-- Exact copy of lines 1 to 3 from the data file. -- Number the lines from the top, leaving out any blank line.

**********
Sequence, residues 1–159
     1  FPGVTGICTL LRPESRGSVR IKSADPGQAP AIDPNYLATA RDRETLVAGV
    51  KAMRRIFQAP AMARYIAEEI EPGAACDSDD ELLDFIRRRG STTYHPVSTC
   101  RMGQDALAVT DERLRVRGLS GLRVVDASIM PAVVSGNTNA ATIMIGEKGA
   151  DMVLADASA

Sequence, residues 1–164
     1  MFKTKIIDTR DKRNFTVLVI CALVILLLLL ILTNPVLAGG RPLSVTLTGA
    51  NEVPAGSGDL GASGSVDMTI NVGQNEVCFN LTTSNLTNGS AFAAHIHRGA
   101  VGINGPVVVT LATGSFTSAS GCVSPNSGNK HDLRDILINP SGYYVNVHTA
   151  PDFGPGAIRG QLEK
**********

Sequence, residues 1–159
     1  FPGVTGICTL LRPESRGSVR IKSADPGQAP AIDPNYLATA RDRETLVAGV
    51  KAMRRIFQAP AMARYIAEEI EPGAACDSDD ELLDFIRRRG STTYHPVSTC